The 2019 CSIS paper “Pursuing Quality of Infrastructure for Sustainable Growth” called for the G20 to include a global accreditation system and process as a means to “enhance the efforts to achieve transnational and transcontinental infrastructure connectivity.” That same year, the Trump administration began working to build that accreditation through the BDN, which pushed for infrastructure that is “open and inclusive, transparent, economically viable, financially, environmentally and socially sustainable, and compliant with international standards, laws, and regulations.” Reinforcing the objectives of the G20 Osaka Leaders’ Declaration, the BDN sought to define common certification standards for quality infrastructure and to create a visible brand behind that certification. Many have compared the process to the Leadership in Energy and Environmental Design (LEED) rating system, which has permeated U.S. building standards and some international sustainability efforts

While evolving, the current iteration of the BDN uses a criteria methodology that pulls from the G20 Principles for Quality Infrastructure Investment, the Charlevoix Commitment on Innovative Financing for Development, and the Equator Principles. The post-Trump version of the network has also distanced itself from the heavily anti-China language that accompanied its original rollout. Building on the Biden-Harris administration’s general spirit of multilateralism, it has sought to extend the partnership base beyond Australia and Japan, specifically centering on engagement with European allies. The current BDN has emphasized working within the existing development ecosystem to establish a structure for managing membership, accreditation, and accountability.

Though the new administration is still adapting the network, the BDN may be recast to leverage quality infrastructure criteria to support wider social and economic impacts and more competitive private-sector financing. Yet the BDN is a single tool, not a strategy, and a common global vision will help align development actors across the U.S. government. In 2019, CSIS’s Global Infrastructure Task Force, led by Stephen Hadley and Ambassador Charlene Barshefsky, called for developing a strategic vision for quality infrastructure abroad, to be chaired by a deputy director for infrastructure who can engage with both the National Security and National Economic Councils. The strategic vision and accompanying policy objectives should align behind SDG 9 targets—such as 9.1, 9.4, and 9.c, which focus on high-quality, environmentally conscious, and digital infrastructure—and establish a strong programmatic foundation to guide more specific standards choices for programs.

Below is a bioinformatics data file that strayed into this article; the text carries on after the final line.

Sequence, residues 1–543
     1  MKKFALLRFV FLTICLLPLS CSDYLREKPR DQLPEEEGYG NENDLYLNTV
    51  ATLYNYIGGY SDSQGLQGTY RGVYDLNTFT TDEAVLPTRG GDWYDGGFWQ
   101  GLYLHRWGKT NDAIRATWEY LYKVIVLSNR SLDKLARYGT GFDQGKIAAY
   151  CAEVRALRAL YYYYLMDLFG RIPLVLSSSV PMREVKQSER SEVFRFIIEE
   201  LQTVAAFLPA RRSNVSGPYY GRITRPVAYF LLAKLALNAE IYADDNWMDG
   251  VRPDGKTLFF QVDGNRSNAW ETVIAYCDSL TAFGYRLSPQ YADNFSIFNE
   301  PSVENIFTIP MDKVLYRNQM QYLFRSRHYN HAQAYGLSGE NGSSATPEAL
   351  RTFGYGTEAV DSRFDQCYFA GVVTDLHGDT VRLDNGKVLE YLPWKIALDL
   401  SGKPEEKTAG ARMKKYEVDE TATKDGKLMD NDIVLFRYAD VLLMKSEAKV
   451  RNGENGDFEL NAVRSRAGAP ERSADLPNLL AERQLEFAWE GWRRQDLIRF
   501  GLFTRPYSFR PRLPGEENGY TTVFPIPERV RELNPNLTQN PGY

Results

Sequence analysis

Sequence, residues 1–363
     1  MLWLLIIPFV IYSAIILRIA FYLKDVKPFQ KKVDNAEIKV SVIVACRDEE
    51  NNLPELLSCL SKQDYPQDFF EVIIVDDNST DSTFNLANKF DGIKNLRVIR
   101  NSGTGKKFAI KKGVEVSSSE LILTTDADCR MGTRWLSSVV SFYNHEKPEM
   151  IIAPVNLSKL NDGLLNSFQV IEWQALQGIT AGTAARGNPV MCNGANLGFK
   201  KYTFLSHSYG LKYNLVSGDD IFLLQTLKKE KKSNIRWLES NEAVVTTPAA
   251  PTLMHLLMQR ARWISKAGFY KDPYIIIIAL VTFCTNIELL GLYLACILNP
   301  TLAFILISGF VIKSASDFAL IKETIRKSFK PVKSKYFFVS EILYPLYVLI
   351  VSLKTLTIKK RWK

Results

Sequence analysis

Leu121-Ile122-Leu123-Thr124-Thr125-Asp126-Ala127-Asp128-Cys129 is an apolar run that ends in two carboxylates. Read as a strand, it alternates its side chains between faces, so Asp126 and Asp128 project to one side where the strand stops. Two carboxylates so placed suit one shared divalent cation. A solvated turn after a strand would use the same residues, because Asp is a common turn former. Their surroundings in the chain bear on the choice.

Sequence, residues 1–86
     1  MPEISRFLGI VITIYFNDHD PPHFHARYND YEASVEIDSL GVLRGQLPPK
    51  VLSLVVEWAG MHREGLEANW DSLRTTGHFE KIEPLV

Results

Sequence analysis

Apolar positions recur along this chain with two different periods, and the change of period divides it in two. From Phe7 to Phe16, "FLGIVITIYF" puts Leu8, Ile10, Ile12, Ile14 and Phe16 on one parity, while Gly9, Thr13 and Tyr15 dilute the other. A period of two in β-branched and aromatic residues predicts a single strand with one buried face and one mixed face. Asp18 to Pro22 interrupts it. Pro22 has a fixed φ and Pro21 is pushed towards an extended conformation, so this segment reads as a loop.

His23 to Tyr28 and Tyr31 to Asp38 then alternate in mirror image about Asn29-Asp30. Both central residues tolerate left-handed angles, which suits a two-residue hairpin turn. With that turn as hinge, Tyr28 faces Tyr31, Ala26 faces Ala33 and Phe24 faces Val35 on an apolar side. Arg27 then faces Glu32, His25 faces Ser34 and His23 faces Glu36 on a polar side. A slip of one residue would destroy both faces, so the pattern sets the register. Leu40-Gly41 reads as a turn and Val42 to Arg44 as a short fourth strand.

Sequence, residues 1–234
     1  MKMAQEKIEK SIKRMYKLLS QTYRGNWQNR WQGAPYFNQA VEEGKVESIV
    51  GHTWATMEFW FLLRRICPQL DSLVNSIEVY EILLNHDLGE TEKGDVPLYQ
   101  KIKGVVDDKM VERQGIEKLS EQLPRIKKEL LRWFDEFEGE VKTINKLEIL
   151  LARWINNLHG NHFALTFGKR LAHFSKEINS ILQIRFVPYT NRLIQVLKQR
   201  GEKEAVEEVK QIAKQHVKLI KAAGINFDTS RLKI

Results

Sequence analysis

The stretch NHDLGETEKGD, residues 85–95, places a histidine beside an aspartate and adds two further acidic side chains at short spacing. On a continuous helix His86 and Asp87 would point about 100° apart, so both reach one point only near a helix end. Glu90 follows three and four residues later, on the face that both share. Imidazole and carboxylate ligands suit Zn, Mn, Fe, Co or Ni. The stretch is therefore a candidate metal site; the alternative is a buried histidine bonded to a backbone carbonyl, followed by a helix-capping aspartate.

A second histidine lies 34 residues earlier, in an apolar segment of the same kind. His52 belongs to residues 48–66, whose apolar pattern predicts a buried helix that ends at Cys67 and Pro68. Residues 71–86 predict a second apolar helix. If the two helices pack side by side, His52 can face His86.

Based on this envisioned strategy, the BDN could focus on alignment with existing international standards, including new efforts such as FAST-Infra and ASCE’s Standard Requirements for Sustainable Infrastructure. In doing so, the BDN should compile and interlink a varied menu of standards rather than expect countries and projects to conform to a static list. The aggregation of criteria should be a full intreragency effort that builds on the work of the USTDA, the Department of the Treasury, and the International Development Finance Corporation.

To be successful, the network will also need meaningful bilateral alliances (specifically in Europe) to ensure support for MDB efforts to harmonize standards. The MDBs, especially the World Bank, have also increased their focus on implementing quality infrastructure, expanding upon a long legacy of financing. The G20’s Global Infrastructure Facility likewise brings together governments and MDBs to support over 100 projects in 52 countries, totaling $74 billion dollars raised from private-sector investors and multilateral development partners. Not only does the facility act as a hub for banks to share information regarding the end-to-end implementation of quality infrastructure, but it also offers country-focused capacity support.

U.S. development agencies might explore using new multilateral partnerships to reinforce these frameworks. The staffing and training needs associated with a new set of criteria will be significant. Given current personnel gaps, a temporary solution might be to partner closely with international agencies. For example, engagement with UNOPS might build on the agency’s success in fighting corruption on development projects, including through procurement reform and public spending to enhance transparency on potential infrastructure contracts. UNOPS staff could be trained in the BDN criteria and support its integration into their capacity activities.